[The main picture is an idealized version of Hagia Sophia, before it was converted into a mosque by the Muslims.  John Chrysostom is my icon, though I don’t pray to him.  I simply respect him as a great preacher and exegete, as did John Calvin.]



  1. God bless and enlighten you on this journey, and keep you close to Him. It sounds as if you must be a very courageous person; I admire that.

  2. In reference to Kuhn, was this his only conclusion, to integrate information into one’s current paradigm? Perhaps ‘collapse’ is too strong a word when employing the opposite view. Does this accommodation have to be so forceful? Couldn’t it be more gradual?

    I offer this thought humbly. I am in the same place as you (Calvinist, reformed, etc.) except Orthodoxy has a very strong pull on me.

    This blog fits my frame of mind to a tee.

    Thank you

    Praise Him that He is a rewarder of those who diligently seek Him!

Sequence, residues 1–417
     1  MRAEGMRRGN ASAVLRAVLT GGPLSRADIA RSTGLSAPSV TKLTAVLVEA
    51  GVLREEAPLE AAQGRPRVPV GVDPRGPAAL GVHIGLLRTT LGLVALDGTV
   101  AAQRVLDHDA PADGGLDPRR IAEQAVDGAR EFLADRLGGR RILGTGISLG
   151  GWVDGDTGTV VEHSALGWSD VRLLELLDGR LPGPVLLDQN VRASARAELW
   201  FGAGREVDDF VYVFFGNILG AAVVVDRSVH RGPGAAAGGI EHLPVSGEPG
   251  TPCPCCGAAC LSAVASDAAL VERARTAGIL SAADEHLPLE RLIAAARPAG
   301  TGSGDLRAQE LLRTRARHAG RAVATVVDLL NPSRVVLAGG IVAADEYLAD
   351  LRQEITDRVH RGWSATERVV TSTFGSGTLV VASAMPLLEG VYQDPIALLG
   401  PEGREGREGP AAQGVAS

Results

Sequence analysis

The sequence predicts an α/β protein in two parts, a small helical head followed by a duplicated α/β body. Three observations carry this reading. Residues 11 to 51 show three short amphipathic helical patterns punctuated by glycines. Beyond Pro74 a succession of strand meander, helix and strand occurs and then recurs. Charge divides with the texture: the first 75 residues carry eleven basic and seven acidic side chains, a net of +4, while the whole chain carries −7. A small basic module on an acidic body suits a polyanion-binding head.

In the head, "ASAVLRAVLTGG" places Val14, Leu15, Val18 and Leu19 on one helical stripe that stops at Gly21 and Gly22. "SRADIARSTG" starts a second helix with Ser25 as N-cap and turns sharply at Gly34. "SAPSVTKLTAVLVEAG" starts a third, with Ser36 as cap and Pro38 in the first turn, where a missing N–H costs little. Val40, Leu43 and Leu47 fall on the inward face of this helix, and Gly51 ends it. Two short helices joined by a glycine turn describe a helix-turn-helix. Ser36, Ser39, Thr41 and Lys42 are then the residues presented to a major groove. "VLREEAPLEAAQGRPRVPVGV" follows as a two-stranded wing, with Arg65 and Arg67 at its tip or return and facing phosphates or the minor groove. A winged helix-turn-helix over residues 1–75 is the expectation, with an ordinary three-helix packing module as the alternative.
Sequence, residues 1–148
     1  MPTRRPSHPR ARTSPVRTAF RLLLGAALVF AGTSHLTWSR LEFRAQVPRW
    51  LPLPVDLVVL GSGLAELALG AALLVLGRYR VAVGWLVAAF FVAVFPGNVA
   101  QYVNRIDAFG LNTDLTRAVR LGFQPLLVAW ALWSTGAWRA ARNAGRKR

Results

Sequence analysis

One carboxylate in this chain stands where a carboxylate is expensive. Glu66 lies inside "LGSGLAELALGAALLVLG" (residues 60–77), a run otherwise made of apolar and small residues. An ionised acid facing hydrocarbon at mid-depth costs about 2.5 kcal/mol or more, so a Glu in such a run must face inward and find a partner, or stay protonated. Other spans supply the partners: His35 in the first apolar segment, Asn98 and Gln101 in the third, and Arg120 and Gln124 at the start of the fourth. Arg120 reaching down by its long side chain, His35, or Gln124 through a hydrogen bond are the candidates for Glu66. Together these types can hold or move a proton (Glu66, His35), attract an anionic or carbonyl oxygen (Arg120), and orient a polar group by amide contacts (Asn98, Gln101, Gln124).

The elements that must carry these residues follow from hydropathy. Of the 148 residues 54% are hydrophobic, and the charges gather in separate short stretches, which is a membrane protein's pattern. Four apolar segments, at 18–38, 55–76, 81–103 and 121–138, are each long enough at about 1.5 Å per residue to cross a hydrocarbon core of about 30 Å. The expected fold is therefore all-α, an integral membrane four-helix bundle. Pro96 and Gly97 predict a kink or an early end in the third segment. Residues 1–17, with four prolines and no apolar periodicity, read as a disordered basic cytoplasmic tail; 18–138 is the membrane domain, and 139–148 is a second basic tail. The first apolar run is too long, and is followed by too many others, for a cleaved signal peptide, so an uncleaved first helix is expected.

3. The Orthodox say a lot about the whole world being iconic in nature. Man is created after the Icon of God. The sensible world is an icon of the spiritual world, and vice versa. Man is a microcosm and a microgod, since he binds the spiritual with the sensible world, and he is able to experience, as an equal, the true God.

    In this way matter is sanctified, and through matter the spirit gets reflected.

    Therefore, using icons in worship is nothing more than accept and affirm the iconic nature of the Universe itself!

    Something similar can be said of the Saints. They become living icons of Jesus Christ, and we hold highly the friends of Christ, because we hold highly Christ Himself and all that He gives us. A Saint becomes a window to Heaven, because he has loved God so much that he reflects God in his life. And life does not end with death, because God is the god of the living, and not of the dead. So, the Saints continue to reflect God’s Light even if they have slept in the Lord, and we are drawn towards this light they reflect because we are drawn towards God. Or, alternatively, we turn ourselves away from that light, because we cannot stand God.